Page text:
California Bankruptcy Court Holds DOMA Unconstitutional

The U.S. Bankruptcy Court for the Central District of California, in an opinion signed by 20 of the court’s 25 judges, has held that Section 3 of the federal Defense of Marriage Act unconstitutionally bars a married same-sex couple from filing a joint bankruptcy petition. The issue arose when the couple, one of 18,000 such couples legally wed in California in 2008, endured long illnesses, hospitalization, and unemployment.  This left them unable to pay their bills, so they filed for bankruptcy protection. The court’s opinion, which focuses on this narrow bankruptcy slice of the overall federal marriage pie, shows how DOMA could die from a thousand small cuts.

The couple filed the petition on February 24, a day after the Justice Department announced it would no longer defend Section 3 of DOMA, which defines marriage for federal purposes as the union of one man and one woman.  The Bankruptcy Trustee moved to dismiss the petition on the grounds that federal bankruptcy law did not apply to married same-sex spouses because of DMA.  The House Bipartisan Legal Advisory Group — which is defending DOMA in lieu of the Justice Department — was granted a continuance to consider whether to intervene.  The time expired with no action from the HBLAG, a non-response the court considered “noteworthy.”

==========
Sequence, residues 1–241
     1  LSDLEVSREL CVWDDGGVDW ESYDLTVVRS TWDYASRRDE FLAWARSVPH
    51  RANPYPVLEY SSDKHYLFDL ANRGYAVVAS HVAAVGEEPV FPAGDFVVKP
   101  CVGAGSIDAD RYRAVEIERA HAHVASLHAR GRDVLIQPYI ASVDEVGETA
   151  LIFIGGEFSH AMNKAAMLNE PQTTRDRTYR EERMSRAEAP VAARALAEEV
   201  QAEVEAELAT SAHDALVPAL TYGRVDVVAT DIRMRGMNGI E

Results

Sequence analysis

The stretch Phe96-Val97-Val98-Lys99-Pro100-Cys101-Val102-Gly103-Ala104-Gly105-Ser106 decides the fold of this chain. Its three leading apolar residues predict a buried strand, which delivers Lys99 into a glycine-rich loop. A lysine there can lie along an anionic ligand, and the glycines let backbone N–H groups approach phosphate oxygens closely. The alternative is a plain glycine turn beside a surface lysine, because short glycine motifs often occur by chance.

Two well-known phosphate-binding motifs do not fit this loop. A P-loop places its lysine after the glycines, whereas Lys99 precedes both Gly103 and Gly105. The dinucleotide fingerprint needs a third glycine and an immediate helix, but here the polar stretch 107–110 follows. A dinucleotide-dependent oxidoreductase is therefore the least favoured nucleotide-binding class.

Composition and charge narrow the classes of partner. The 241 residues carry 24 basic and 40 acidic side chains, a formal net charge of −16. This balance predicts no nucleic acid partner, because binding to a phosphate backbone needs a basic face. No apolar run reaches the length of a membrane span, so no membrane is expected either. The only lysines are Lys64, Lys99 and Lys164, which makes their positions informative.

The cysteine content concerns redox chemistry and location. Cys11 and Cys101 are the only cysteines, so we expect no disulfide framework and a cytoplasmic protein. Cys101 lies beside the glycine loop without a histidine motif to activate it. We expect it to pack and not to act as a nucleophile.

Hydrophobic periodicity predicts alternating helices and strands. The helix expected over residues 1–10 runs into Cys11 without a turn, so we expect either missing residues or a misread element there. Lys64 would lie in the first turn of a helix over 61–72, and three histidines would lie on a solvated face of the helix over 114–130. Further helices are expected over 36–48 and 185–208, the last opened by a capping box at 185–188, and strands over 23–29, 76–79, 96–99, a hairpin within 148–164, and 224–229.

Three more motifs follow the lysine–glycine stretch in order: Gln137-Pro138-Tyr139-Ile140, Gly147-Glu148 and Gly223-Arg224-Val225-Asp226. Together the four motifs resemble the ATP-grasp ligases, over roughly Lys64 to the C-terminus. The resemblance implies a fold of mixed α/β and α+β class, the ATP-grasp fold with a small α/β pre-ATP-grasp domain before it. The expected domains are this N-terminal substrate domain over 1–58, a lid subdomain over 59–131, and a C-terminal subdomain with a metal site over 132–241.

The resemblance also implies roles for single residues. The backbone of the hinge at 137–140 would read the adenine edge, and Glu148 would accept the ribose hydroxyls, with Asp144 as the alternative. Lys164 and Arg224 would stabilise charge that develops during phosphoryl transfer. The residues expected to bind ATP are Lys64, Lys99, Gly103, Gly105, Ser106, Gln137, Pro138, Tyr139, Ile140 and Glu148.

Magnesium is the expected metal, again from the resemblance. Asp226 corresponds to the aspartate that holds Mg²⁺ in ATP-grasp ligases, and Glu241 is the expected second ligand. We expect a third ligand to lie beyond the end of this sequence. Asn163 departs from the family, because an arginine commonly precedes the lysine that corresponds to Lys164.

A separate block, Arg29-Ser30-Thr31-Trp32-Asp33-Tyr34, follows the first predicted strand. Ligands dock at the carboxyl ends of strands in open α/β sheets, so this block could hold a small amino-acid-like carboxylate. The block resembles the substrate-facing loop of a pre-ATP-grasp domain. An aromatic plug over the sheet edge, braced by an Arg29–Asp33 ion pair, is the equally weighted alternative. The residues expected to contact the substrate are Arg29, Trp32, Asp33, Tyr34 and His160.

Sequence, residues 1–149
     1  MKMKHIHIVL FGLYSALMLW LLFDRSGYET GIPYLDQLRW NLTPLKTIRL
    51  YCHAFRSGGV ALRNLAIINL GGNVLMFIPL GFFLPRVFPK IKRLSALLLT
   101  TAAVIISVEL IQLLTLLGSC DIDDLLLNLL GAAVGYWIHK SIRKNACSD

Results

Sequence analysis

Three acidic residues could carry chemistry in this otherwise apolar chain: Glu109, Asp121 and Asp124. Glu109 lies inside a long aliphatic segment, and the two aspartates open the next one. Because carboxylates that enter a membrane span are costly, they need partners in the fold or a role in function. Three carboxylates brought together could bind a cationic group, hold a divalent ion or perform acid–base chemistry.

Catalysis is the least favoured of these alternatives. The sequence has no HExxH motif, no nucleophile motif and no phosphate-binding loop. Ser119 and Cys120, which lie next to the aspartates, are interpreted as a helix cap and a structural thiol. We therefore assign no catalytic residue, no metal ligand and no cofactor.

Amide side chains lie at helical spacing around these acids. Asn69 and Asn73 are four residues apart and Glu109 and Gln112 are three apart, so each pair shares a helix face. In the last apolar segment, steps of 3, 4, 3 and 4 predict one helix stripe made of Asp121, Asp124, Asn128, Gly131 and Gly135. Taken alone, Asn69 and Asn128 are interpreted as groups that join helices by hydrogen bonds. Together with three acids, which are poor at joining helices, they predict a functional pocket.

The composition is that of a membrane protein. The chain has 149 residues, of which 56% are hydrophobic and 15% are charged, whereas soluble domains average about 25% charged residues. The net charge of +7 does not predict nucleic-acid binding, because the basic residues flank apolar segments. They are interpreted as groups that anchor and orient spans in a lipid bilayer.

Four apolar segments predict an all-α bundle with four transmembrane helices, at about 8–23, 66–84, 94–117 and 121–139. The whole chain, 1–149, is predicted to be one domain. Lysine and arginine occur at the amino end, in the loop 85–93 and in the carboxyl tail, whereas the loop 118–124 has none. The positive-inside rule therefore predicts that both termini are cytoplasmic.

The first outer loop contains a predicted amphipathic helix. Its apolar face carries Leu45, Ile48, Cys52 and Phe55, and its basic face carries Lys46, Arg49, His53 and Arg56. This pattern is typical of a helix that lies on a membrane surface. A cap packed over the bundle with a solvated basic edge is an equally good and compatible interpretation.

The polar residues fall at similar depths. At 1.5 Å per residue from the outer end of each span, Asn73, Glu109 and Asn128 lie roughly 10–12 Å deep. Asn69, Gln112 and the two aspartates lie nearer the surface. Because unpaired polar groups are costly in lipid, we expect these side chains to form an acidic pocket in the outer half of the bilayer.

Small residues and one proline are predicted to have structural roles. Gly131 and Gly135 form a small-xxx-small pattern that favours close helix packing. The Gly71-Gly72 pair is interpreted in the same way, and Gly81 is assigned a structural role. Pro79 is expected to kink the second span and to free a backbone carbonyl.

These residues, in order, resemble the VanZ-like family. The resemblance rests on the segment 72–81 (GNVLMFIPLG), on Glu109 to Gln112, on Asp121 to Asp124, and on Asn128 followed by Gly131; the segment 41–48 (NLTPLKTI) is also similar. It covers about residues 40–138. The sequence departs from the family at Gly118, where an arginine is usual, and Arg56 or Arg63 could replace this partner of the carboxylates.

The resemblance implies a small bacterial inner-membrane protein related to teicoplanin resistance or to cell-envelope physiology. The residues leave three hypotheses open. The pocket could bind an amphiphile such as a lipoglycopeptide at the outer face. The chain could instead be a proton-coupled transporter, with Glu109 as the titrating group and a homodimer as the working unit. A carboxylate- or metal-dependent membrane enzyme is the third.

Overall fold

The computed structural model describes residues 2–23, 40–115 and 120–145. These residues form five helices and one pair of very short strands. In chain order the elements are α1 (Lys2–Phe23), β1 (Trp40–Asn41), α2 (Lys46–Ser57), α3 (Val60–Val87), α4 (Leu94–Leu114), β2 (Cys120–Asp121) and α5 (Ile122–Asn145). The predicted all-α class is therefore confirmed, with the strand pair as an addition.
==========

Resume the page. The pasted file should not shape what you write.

On the merits, the court held that Section 3, as applied to married same-sex couples filing joint bankruptcy petitions, violate equal protection principles. The court relied on the arguments for heightened scrutiny of sexual-orientation discrimination contained in Attorney General Eric Holder’s letter announcing the new position of the DoJ on DOMA. In addition, relying on Judge Walker’s decision in the Prop 8 case, it held that the DOMA marriage definition discriminates on the basis of sex.

Applying heightened scrutiny, the court determined that none of the justifications for DOMA hold up very well.  Keeping an already married same-sex couple from filing a joint bankruptcy petition would not plausibly encourage responsible procreation and child-bearing, help heterosexual marriages, defend traditional morality, or save on administrative costs.

While most of the opinion analyzes the issue in this bankruptcy-focused way, it does contain some rather broad statements that suggest larger constitutional problems for DOMA in its numerous other potential applications:

(HT: Chris Geidner)

Although individual members of Congress have every right to express their views and the views of their constituents with respect to their religious beliefs and principles and their personal standards of who may marry whom, this court cannot conclude that Congress is entitled to solemnize such views in the laws of this nation in disregard of the views, legal status and living arrangements of a significant segment of our citizenry that includes the Debtors in this case. To do so violates the Debtors’ right to equal protection of those laws embodied in the due process clause of the Fifth Amendment.

The court concludes by invoking Justice Douglas’ love letter to marriage in Griswold v. Connecticut:

We deal with a right of privacy older than the Bill of Rights—older than our political parties, older than our school system. Marriage is a coming together for better or for worse, hopefully enduring, and intimate to the degree of being sacred. It is an association that promotes a way of life, not causes; a harmony in living, not in political faiths; a bilateral loyalty, not commercial or social projects. Yet it is an association for as noble a purpose as any involved in our prior decisions.